Thanks again, and remember you’ve got a year to get ready for the 2023 event! 🙂

Cheers

Tim…

VirtualBox 7.0 (and 6.1.40)

VirtualBox 7.0 has been released.

The downloads and changelog are in the usual places.

VirtualBox installed with no drama (see update below) on my Windows hosts. Something a little funky happened on macOS (Intel), so I removed VirtualBox and installed it again. It worked fine the second time.

The current version of Vagrant (2.3.1) fails with a version compatibility error when used with VirtualBox 7. Fortunately Simon Coter has our back, and previously published this workaround. I’m sure a new version of Vagrant will come soon, making this workaround unnecessary.

I’ll be doing new Packer builds of my Vagrant boxes over the next few days. If they are delayed, it means I’m having some drama with the new version of VirtualBox. 🙂

Cheers

Tim…

Update: So things aren’t looking so great. Even with the Vagrant workaround there seems to be a few issues. Sometimes Vagrant just hangs. No apparent reason why. Sometimes VirtualBox networking just doesn’t work. Vagrant can’t create the network. At this point I’m not sure if the issues are with Virtual or just a problem with VirtualBox. At one point I got a very similar issue when using VirtualBox directly (no Vagrant). It is happening to me on both Windows 10 and Windows 11, so it seems pretty consistently bad. Let’s see if there are any quick updates to VirtualBox or Vagrant in the next few days, but for now I would avoid VirtualBox 7 until the issue is a little clearer.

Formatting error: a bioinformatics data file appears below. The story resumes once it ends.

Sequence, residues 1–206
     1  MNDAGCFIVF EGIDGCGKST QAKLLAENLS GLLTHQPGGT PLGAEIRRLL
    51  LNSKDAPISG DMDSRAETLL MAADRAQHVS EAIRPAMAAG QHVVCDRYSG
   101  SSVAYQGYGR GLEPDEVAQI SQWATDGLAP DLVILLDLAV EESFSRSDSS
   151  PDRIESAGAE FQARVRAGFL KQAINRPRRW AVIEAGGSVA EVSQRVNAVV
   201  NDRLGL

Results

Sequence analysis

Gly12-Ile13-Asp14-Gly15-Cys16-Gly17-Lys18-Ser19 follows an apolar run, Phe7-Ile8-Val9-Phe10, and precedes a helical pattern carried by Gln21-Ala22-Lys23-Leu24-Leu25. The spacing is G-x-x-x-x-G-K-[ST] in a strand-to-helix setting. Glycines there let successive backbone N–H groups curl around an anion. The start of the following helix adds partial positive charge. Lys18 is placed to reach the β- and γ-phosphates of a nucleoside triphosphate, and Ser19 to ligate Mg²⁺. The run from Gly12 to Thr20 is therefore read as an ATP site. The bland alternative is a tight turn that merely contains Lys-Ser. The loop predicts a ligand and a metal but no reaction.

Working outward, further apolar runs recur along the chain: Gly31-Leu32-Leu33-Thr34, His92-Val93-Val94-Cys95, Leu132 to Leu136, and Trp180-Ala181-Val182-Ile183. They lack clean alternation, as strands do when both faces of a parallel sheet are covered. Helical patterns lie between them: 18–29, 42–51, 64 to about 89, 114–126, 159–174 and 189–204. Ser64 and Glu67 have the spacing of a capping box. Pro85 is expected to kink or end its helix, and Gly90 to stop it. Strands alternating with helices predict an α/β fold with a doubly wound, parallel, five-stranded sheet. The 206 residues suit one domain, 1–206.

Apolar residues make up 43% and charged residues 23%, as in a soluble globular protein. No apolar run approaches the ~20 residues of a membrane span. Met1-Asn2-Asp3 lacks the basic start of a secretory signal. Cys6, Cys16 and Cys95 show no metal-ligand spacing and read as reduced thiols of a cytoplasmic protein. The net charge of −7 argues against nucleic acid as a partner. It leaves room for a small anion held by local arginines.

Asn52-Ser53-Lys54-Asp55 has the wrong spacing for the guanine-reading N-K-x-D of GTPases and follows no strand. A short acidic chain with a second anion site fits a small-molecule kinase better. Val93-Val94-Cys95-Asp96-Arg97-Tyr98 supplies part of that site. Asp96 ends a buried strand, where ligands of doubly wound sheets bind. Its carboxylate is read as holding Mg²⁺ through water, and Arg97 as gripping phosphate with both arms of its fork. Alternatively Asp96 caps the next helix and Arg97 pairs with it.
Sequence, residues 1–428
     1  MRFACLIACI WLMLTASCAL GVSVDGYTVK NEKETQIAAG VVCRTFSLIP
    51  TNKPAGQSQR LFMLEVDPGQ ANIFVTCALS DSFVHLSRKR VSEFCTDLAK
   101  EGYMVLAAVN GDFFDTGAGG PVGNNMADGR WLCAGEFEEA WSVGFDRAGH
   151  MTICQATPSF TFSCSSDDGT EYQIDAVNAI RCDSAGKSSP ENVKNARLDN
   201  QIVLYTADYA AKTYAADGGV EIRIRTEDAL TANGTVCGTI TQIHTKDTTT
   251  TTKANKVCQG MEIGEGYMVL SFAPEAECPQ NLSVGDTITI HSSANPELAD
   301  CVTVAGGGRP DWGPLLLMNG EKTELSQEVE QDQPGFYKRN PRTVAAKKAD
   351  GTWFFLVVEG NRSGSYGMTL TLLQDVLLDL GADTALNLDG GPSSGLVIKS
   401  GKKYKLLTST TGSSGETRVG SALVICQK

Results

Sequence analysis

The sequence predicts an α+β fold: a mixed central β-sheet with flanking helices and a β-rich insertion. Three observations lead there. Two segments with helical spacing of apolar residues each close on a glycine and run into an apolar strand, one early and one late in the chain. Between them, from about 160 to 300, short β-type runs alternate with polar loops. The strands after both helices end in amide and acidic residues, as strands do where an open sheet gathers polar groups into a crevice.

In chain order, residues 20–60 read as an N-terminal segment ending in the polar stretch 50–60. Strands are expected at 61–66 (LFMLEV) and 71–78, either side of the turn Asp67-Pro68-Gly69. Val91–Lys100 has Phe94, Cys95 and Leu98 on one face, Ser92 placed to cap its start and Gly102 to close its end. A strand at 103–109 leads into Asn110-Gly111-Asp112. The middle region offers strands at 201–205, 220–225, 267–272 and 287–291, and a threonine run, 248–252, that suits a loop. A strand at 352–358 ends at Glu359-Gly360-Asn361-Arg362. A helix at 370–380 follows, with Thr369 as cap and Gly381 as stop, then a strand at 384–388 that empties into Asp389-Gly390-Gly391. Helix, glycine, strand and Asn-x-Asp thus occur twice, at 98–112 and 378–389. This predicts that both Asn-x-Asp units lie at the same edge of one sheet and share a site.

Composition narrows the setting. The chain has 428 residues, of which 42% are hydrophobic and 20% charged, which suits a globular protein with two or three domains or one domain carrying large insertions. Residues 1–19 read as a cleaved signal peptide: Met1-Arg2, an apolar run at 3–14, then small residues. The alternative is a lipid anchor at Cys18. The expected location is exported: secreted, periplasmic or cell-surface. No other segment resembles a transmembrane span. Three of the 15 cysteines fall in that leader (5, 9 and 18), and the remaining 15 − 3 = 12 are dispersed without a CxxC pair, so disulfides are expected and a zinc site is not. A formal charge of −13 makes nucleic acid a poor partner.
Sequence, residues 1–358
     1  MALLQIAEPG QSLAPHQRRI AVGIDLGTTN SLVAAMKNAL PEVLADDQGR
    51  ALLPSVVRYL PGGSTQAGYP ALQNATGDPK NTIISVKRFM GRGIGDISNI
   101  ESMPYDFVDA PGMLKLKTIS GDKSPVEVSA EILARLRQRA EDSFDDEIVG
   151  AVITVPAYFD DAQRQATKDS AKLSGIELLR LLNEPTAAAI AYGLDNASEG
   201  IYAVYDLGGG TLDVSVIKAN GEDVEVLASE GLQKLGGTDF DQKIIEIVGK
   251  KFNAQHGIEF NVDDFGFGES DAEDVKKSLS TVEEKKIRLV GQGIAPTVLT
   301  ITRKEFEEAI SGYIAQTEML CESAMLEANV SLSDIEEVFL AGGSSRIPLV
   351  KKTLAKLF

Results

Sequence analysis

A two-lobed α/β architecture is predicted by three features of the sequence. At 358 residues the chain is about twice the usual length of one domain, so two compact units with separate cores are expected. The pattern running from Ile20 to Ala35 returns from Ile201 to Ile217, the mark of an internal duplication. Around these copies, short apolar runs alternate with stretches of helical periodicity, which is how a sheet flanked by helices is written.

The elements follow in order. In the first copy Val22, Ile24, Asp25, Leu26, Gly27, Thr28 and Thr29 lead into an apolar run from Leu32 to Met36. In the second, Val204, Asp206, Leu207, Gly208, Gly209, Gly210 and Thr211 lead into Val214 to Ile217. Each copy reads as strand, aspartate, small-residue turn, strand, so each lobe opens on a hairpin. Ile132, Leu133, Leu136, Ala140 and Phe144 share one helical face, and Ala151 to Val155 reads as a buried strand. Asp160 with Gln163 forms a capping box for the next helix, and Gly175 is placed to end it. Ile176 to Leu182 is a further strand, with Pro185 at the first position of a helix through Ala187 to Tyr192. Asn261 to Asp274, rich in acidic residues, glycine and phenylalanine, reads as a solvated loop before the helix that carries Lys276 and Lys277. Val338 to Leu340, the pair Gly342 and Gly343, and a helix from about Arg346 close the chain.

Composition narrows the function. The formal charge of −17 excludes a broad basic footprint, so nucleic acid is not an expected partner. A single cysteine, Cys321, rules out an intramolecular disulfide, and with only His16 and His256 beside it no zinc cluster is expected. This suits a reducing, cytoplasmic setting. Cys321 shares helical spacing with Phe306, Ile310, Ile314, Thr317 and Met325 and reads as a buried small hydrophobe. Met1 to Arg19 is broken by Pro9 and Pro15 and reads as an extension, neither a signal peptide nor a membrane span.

Update 2: VirtualBox 6.1.40 has been released. It may be safer to use that rather than version 7 at the moment…

Understand the history of your subject matter #JoelKallmanDay

When dealing with mature environments it’s not good enough to only understand what the current trend or “best practice” is. We also have to understand the history of the environment, and the technology stack we are using, as that will help inform us about why decisions were made they way they were. Let’s look at a few examples…